University of Kentucky

Welcome to the D'Orazio Lab at the University of Kentucky!

The D'Orazio Research Team. Pictured (from left to right) are John, Maddy, Robert, Stuart, Kati and Nathaniel, September 2017.

Our laboratory focuses on malignant melanoma of the skin, a cancer that kills more than 10,000 Americans every year. Melanoma incidence has increased so much over the last century such that whereas a US citizen in the 1930's had only a 1 in 1,500 chance of developing it, now almost 1 in 50 of us will be diagnosed with the disease. We are interested in the genetic and environmental factors that cause melanomas to develop so that we can design ways to reduce melanoma incidence.

Our lab at the University of Kentucky's NCI-designated Markey Cancer Center focuses on the basic cellular mechanisms that influence whether melanocytes in the skin will develop into melanoma. Since UV radiation in the form of sunlight or artificial tanning lamps is a major causative risk factor for melanoma, we explore how melanocytes cope with UV exposure.

Malignant melanoma of the skin is the deadliest skin cancer. Its incidence has been increasing for decades in the U.S. and other nations. We are working to understand how melanoma develops in order to develop useful preventive strategies.

Our focus is on the melanocortin signaling axis since this pathway plays a major role in resistance to UV damage and protects melanocytes from malignant conversion into melanoma. This pathway involves secreted factors from keratinocytes - the melanocortins alpha-melanocyte stimulating hormone (α-MSH) and adrenocorticotrophic hormone (ACTH). Each functions as a high-affinity ligand for the melanocortin 1 receptor (MC1R), a cell surface protein on melanocytes that regulates several critical UV responses. When MC1R binds melanocortins, it activates an intracellular signaling cascade mediated by the second messenger cAMP. Increases in cAMP result in melanocytes being better protected from UV injury by boosting melanin production, by increasing resistance to oxidative damage and by improving the efficiency of DNA repair. Projects in the lab range from understanding how MC1R signaling is regulated to discovering how it protects melanocytes against mutagenesis.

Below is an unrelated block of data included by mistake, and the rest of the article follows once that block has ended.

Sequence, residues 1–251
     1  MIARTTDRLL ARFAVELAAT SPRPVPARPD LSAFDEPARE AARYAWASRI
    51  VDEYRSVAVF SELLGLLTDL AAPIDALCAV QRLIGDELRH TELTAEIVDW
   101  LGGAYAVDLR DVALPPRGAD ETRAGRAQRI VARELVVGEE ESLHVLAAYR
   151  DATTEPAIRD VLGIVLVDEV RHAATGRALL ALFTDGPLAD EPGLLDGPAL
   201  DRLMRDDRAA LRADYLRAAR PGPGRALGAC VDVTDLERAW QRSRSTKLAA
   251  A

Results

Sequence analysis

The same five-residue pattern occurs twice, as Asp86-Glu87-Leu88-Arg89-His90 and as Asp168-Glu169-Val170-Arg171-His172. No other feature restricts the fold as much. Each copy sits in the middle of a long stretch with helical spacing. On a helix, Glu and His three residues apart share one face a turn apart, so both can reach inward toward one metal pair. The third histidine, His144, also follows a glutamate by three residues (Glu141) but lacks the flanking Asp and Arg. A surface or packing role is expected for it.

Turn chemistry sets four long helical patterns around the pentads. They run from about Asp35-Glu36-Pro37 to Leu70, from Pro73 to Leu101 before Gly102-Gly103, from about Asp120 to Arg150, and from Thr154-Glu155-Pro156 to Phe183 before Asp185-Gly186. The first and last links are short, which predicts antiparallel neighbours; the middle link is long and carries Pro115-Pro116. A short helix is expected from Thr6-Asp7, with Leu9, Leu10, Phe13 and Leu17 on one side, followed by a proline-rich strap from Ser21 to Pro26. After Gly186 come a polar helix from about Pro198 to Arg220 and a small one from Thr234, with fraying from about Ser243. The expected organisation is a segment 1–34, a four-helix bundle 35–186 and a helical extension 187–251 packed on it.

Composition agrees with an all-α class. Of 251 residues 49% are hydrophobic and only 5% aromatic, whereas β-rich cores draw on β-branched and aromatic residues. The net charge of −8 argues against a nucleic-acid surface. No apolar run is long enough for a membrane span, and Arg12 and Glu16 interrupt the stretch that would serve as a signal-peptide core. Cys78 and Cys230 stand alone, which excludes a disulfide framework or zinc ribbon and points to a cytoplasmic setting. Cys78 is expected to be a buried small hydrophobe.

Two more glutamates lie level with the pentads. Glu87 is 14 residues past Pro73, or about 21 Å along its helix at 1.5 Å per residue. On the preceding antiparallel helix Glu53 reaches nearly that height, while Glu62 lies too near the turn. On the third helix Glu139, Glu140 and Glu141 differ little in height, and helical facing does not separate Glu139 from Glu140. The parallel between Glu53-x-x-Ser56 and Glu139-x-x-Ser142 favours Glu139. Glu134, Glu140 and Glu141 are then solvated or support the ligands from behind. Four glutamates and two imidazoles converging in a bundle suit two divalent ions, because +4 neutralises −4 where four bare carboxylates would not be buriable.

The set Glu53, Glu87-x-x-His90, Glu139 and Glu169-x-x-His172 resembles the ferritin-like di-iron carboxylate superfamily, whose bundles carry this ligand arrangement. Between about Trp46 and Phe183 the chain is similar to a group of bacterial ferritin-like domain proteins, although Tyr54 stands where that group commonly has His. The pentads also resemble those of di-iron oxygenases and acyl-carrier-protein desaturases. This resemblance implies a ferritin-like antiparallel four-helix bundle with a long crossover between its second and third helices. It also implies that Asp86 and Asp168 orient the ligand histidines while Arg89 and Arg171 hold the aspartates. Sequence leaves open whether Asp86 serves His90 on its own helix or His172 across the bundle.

People with inherited defects in MSH-MC1R signaling are up to 4 times more likely to develop melanoma, illustrating its importance in melanoma resistance. Millions of Americans harbor loss-of-function signaling mutations in MC1R, making them sun-sensitive, melanoma-prone and in need of the "smart" UV protective strategies that we are in the process of designing. Our long-term goal is to develop translational UV-protective strategies based on a detailed understanding of the melanocortin signaling axis and melanocyte genomic stability.